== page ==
Hsing-Yi Chang,1,2 Hsin-Ling Fang,1 Te-Tien Ting,3 Jersey Liang,4 Shao-Yuan Chuang,1 Chih-Cheng Hsu,1 Chin-Yin Wu,5 Wen-Harn Pan1,2,6
1Institute of Population Health Sciences, National Health Research Institutes, Maoli, Taiwan; 2Institute of Public Health, National Yang-Ming University, Taipei, Taiwan; 3School of Big Data Management, Soochow University, Taipei, Taiwan; 4Department of Health Management and Policy, School of Public Health, University of Michigan, Ann Arbor, MI, USA; 5Institute of Sociology, Academia Sinica, Taipei, Taiwan; 6Institute of Biomedical Sciences, Academia Sinica, Taipei, Taiwan
Correspondence: Hsing-Yi Chang
Institute of Population Health Sciences, National Health Research Institutes, 35 Keyan Road, A3223, Zhunan Town, Maoli County, ROC 35053, Taiwan
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Purpose: The co-occurrence of frailty and depression in late life, the possibility for symptom reversal, their reciprocal relationship, and the effects on mortality have rarely been investigated. We aimed to examine the co-occurrence of frailty and depressive symptoms in late life, the possibility for symptom reversal, their reciprocal relationship, and the effects on mortality using all the information from a longitudinal study.
Patients and methods: We used the Taiwan Longitudinal Study of Aging (TLSA) for this study. TLSA was initiated in 1989 and followed periodically. We included participants from 1989 to 2007, who had data on frailty and depressive symptoms. Frailty was assessed by accumulation of functional deficits in 6 dimensions including disease status, sensory dysfunction, balance, functional limitations, health risk behaviors, and life satisfaction. Depressive symptoms were measured with the Center for Epidemiologic Studies Depression Scale (CES-D). A multistate model with interval censoring was used to examine the transition between states of frailty with or without depressive symptoms, and finally to death. A mixed model was used to examine the relationships between frailty and depressive symptoms.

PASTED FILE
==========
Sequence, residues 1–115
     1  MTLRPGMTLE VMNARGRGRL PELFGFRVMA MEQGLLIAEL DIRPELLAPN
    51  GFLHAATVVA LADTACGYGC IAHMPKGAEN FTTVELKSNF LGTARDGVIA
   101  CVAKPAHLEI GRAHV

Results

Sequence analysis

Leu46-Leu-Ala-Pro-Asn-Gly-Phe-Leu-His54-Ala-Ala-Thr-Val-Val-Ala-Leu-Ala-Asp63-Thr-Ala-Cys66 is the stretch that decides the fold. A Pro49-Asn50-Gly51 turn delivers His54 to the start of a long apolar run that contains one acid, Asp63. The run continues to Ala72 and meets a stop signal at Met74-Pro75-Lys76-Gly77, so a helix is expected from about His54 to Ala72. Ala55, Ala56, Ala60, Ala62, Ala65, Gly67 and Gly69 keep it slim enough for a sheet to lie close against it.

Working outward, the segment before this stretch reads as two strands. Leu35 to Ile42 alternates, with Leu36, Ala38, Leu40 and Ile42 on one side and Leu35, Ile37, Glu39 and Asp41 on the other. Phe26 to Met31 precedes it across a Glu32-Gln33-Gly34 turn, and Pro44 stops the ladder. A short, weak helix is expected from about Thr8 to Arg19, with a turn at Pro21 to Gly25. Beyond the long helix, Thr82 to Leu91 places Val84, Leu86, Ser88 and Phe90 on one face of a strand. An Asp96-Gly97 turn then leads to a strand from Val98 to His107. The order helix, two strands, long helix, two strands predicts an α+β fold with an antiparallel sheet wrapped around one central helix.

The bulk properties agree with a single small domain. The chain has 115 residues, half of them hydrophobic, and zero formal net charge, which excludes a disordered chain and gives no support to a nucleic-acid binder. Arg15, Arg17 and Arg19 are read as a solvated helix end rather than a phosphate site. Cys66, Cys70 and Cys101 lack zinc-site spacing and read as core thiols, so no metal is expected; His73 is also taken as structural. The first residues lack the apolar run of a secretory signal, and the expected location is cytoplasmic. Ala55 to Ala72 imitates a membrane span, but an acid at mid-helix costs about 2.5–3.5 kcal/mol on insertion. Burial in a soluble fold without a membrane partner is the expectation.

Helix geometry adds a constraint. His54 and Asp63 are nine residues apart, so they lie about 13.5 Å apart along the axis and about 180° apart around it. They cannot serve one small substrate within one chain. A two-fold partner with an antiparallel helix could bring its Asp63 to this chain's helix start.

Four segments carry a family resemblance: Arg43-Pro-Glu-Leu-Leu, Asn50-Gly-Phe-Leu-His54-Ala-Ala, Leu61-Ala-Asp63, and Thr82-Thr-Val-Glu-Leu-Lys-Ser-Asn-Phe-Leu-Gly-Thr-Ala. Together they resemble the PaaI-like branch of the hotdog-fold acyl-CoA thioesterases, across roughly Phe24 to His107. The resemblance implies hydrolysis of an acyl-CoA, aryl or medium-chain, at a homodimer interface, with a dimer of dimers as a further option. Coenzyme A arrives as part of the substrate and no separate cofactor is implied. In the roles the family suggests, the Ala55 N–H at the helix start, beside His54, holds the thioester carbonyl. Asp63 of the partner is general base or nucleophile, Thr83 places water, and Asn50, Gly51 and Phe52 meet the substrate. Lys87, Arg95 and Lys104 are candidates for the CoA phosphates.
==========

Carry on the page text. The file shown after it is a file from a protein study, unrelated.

Results: The coexistence of frailty and depressive symptoms was associated with higher mortality. Individuals with depressive symptom had a lower probability of reversal to a better state. Previous depression score predicted current frailty, but the coefficient was smaller than that of previous frailty. Previous frailty predicted current depression score, and the coefficient was stronger than that of previous depression.
Conclusion: Depressive symptoms increased the mortality and decreased the probability of reversal in the frail older adults.
Keywords: TLSA, cumulative functional deficits, depressive symptom, multistate model, mortality
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